The two of us follow Helena onto the patio. The patio runs the entire south-facing side of the bungalow. We sit down at an eggshell Eero Saarinen designer table with an ugly cigarette mark at my end. At the other end of the long patio there’s an Eternit ashtray.
* * *
“In this room, I started out just doing things that gave me pleasure. I got up to all kinds of things: Mahler’s First, races on the exercise bike, watching porn, eating the little oysters while staring at an Ellsworth Kelly. But now what really does it for me is color, just color.” Turner’s eyes roam the room. “Color lets me get truly absorbed in my work. I’m in control of my life.”
We continue walking down the hall.
After an initial burst of success, he chose to specialize just in color creations. His creations were meant for sports cars, designs for large fashion houses. But when they didn’t sell, they also landed in the hands of everyday manufacturers producing “fast-moving consumables,” which explains the subtle coloring of some products you can find in discount stores.
His eye is so highly trained that it can distinguish Red 65 from Red 66 from memory alone.
“You guys broke up?” Turner asks. “Remember when Claire left me?”
“How can I forget.”
“When I got home that night, she’d left. She ran off with this guy. One of the twins whose name sounds like a girl’s—Alma.”
* * *
We were at a party in Santa Monica in January. It was pouring down. The awning started sagging and there was a real possibility of it tearing under the sheer weight of the water. The pressure that had initially spread evenly over the indented sheeting was now deforming the tarp into a bulging parabola when looked at side-on. I stood as close to the side of the building as I could.
One of the partygoers was this guy in a dark silk shirt, open to the third button, his figure-hugging jeans clinging to a lean waistline and ending in a pair of black leather cowboy boots. As if he had just stepped off the set of a spaghetti western. Ever since Sergio Leone had gotten fashionable again, some Italian-American men had ditched their loafers for cowboy boots.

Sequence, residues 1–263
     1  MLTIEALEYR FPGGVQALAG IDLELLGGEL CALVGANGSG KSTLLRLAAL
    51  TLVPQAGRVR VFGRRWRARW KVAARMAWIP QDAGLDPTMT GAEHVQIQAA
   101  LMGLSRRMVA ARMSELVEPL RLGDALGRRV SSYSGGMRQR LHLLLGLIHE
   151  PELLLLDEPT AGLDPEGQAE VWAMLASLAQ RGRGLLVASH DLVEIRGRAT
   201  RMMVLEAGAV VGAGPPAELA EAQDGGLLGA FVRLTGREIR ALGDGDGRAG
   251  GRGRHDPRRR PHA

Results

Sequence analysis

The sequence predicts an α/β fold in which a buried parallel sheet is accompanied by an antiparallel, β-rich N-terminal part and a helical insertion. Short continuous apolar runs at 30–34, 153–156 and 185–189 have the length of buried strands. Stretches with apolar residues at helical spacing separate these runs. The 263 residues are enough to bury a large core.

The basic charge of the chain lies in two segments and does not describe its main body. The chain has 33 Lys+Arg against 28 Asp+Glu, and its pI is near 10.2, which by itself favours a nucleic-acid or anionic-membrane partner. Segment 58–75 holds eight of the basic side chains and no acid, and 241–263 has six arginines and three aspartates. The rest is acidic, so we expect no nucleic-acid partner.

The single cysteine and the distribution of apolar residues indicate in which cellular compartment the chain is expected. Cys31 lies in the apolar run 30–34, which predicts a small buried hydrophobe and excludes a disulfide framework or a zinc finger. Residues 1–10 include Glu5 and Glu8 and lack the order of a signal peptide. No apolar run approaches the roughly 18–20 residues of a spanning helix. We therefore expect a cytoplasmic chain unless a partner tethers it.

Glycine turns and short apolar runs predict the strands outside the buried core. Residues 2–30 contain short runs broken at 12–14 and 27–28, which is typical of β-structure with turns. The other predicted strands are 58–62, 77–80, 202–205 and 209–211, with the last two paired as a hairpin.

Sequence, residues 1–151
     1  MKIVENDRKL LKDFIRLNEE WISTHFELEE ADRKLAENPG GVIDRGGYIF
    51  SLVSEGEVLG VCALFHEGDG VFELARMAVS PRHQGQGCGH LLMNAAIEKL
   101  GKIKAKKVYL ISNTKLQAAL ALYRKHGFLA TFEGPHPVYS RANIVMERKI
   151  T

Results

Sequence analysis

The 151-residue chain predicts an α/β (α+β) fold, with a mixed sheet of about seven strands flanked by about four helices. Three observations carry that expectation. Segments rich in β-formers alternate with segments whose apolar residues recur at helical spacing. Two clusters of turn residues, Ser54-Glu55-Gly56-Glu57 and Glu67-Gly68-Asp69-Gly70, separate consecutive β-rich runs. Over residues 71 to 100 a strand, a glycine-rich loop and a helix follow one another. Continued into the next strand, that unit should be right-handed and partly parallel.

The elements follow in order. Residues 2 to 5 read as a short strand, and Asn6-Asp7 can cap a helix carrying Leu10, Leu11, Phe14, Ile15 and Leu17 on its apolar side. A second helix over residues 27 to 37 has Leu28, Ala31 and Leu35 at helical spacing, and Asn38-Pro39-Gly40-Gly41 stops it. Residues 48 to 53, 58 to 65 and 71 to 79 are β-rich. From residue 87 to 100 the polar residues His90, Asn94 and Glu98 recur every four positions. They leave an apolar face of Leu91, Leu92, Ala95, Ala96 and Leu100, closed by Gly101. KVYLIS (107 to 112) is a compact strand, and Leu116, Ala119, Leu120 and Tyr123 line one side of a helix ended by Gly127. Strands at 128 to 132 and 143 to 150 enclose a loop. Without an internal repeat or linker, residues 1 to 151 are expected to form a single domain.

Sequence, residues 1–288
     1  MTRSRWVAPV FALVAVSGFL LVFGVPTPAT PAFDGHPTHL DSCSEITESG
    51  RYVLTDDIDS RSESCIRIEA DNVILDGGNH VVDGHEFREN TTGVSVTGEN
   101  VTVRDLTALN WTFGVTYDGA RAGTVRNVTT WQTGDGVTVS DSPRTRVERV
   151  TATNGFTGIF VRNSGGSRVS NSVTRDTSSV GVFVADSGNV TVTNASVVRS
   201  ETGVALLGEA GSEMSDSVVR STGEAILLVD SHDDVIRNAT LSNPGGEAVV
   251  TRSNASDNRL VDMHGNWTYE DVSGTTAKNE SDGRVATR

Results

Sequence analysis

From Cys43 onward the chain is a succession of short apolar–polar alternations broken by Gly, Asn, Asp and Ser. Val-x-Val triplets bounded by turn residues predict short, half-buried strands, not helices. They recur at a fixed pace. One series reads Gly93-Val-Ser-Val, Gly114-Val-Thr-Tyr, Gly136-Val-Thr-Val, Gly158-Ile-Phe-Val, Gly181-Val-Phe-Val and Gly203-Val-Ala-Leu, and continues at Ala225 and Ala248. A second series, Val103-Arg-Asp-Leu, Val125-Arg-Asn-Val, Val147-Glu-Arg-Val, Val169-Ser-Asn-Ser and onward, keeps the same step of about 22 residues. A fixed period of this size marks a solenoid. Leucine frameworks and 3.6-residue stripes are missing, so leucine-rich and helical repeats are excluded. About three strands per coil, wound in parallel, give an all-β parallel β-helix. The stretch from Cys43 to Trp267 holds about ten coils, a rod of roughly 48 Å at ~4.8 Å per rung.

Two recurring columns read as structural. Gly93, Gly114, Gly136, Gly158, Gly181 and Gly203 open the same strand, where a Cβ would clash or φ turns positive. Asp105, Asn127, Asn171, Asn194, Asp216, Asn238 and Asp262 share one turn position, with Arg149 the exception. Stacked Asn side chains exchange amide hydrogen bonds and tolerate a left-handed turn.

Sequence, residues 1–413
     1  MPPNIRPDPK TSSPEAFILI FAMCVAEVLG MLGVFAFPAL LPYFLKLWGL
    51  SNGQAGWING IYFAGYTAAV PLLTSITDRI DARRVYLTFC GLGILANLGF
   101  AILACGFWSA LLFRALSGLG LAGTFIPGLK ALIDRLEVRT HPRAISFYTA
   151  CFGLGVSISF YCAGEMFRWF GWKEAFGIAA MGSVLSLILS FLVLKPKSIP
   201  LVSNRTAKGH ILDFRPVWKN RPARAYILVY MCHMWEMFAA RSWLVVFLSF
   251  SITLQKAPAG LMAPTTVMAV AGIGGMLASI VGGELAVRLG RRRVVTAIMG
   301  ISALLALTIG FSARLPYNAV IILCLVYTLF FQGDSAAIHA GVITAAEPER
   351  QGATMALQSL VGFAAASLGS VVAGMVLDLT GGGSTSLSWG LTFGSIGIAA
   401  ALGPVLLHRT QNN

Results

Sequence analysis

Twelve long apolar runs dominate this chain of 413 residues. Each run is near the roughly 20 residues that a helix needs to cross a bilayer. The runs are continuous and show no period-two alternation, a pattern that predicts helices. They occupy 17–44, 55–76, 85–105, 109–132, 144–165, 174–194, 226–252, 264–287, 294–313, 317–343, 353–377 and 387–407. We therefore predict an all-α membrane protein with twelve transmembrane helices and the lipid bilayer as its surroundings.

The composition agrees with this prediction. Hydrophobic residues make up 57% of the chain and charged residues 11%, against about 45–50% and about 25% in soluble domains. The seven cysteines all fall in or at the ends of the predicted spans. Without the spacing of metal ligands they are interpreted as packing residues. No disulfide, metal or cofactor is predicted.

The man started talking to Carl. He was an inch or two shorter than Carl and the contrast made him look slight. A gold ring kept sliding down his little finger and each time he would push it up again. While talking, he made this casual Italian gesture with one hand, while the other remained on his hip. He had a Roman nose that only accentuated his already striking profile. Whenever he opened his small round mouth, his white teeth would flash at the room. His long black hair, combed right to the end of each strand, fell over the nape of his neck, curling slightly. It made me notice for the first time how short Carl’s hair was.
* * *
In the shade of a rock I collapsed to the ground, exhausted, and went to sleep still thirsty. Once the temperature dropped in the cool of evening, I got up and walked on. Dark clouds spread over the starry sky. Little did I know that those clouds weren’t clouds at all but plumes of smoke from a fire on the other side of the hills, smothering the stars.
That night the wind turned, dispelling the cloak of fumes for a brief moment and revealing the moon. The desert suddenly came alight, trees and cacti cast deep shadows, in the distance I could see a building: the prince’s hut.
* * *
“When we wanna go wild,” says one of the men on the truck, “we go to the pit.”
We drive through a hilly landscape in silence, into the desert. Everyone else seems to know the way. We stop at the edge of a dried-up water hole. You wouldn’t have any idea it was there just by looking at it from a distance.
We hang around, waiting for nightfall. The driver cuts the lights. Joe and a few young men slide down the slope. The rest of them stay in the back of the semi. Three camping chairs are set up for the veterans. The whiskey bottle from the driver’s cab does the rounds. At first I can’t make out what’s going on down there, but slowly, in the flickering light of a burning torch, I see how the men are stabbing more torches into the ground, making a circle, talking among themselves. One man crawls across the dirt, tying up ropes.
The people on the truck start getting impatient. They are shuffling their feet. I can hear their breathing.
Suddenly, with a loud whistling sound, a glowing-hot pinwheel shoots through the gloom of the pit, crackling silver stars follow, then green and red sparks that shoot up from the ground with a whizz; various-colored fountains tinge plumes of smoke.
Translated by Lance Anderson